I meet Mr Darrow in the car park and he brushes his hair in a hand-mirror before coming into the pub.  “Always look good for your audience,” he advises me, “so they’re on your side before you open your mouth”.

Finally there’s only Colin Baker to arrive.  Colin always drives to and from a convention on the same day, because he won’t spend the time away from his beloved family if he can help it.  Colin’s got a heart as big as the TARDIS interior, and ever since he learned of my mother’s cancer diagnosis (and subsequent successful treatment) he’s been asking when he’ll meet her again.  My mum and dad are in position waiting for him, and they are not-empty handed; mum has come armed with two freshly-baked cakes.

When Colin arrives he is utterly charming to both my parents, and he is instantly my mum’s favourite Doctor.  He in turn seems to be delighted by the offers of cake, and he immediately installs my mum as his PA for the day, entrusting her with all his gear and chatting to her endlessly.

All the guests sign a Liverpool shirt.   When everyone’s signed it we’ll auction it off for charity.  Our auctioneer, actor Paul Duckworth, is a staunch Evertonian and refuses to handle it, so I end up modelling it while he makes horrible remarks.  It’s the only item in the auction unrelated to Who, and it makes the most money.

Colin packs up and is ready to go.  We lead him out to the car park to see him off, and he tries to reverse into a pillar.  Fortunately my husband spots the danger and manages to warn Colin off before any damage is done; we don’t want that being his last memory of the convention.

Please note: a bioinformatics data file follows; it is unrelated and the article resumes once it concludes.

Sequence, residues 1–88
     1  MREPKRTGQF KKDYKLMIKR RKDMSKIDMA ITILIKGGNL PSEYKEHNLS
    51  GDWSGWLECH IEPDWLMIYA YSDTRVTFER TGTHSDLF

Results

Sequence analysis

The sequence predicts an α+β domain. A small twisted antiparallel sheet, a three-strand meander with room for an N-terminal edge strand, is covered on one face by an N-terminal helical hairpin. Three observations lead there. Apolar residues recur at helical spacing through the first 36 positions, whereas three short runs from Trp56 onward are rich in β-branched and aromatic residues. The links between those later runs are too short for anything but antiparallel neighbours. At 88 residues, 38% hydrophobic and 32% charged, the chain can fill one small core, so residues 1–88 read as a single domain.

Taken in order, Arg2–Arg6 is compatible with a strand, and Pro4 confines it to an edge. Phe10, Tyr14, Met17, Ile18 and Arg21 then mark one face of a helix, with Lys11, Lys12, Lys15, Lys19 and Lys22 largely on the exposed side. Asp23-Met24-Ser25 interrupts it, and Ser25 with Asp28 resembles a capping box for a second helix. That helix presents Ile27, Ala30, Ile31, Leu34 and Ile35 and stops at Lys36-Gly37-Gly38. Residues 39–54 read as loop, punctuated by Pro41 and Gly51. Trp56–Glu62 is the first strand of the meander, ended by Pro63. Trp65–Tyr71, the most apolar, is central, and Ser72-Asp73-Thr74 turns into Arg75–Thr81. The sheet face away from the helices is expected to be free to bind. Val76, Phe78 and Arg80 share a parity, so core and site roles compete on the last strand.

Back inside we have wrapped up for another year.  The guests are back in the green room having a swift half before we take them out for a meal.  We slope back off to the hotel to get ready for the aftershow party – but that’s a story for next week; a story of alcohol, naughtiness, blood, ambulances, insomnia, amnesia, rubber gloves, coffee, poor timekeeping and curry.

Four (Days) to Doomsday
Arranging a convention and why you shouldn’t 

Wednesday – three days to C-Day (Convention Day)

One of the trickiest things about running an event is that it is in the nature of an actor’s career that jobs come and go, sometimes without warning.  Only last year, for example, a touring production of The Hitchhiker’s Guide to the Galaxy starring our very own Colin Baker was pulled after the first tour date for reasons that never became entirely clear.  So it’s very difficult for them to offer you firm dates a long way in advance.

What you find is that, however carefully you budget, the sums are always in flux.  Sometimes you’ll ask a ton of people on the assumption they all say no, and find you’ve got twenty guests to fill four panels; sometimes a big name will pull out and you’ll find you’ve got a wad of cash to play with but no headline guest.  This year when we were first planning the day, one of our favourite contributors agreed to MC, only to call back ten minutes later having realised he would be on the wrong continent at the time.  It’s a lot to juggle.